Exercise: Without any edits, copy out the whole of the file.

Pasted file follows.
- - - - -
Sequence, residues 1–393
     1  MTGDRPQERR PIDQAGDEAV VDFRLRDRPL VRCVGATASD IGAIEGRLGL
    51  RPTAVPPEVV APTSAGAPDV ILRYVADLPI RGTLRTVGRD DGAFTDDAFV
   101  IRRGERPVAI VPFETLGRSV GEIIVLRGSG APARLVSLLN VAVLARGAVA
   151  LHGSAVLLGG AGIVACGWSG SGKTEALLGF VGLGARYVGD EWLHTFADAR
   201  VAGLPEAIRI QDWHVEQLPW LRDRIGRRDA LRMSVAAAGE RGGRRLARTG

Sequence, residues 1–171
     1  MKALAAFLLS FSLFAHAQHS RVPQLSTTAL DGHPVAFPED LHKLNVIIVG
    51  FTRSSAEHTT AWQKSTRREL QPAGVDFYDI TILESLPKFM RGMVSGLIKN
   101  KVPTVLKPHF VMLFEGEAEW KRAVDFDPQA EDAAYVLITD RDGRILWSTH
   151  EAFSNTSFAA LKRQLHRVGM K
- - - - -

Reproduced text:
Sequence, residues 1–393
     1  MTGDRPQERR PIDQAGDEAV VDFRLRDRPL VRCVGATASD IGAIEGRLGL
    51  RPTAVPPEVV APTSAGAPDV ILRYVADLPI RGTLRTVGRD DGAFTDDAFV
   101  IRRGERPVAI VPFETLGRSV GEIIVLRGSG APARLVSLLN VAVLARGAVA
   151  LHGSAVLLGG AGIVACGWSG SGKTEALLGF VGLGARYVGD EWLHTFADAR
   201  VAGLPEAIRI QDWHVEQLPW LRDRIGRRDA LRMSVAAAGE RGGRRLARTG

Sequence, residues 1–171
     1  MKALAAFLLS FSLFAHAQHS RVPQLSTTAL DGHPVAFPED LHKLNVIIVG
    51  FTRSSAEHTT AWQKSTRREL QPAGVDFYDI TILESLPKFM RGMVSGLIKN
   101  KVPTVLKPHF VMLFEGEAEW KRAVDFDPQA EDAAYVLITD RDGRILWSTH
   151  EAFSNTSFAA LKRQLHRVGM K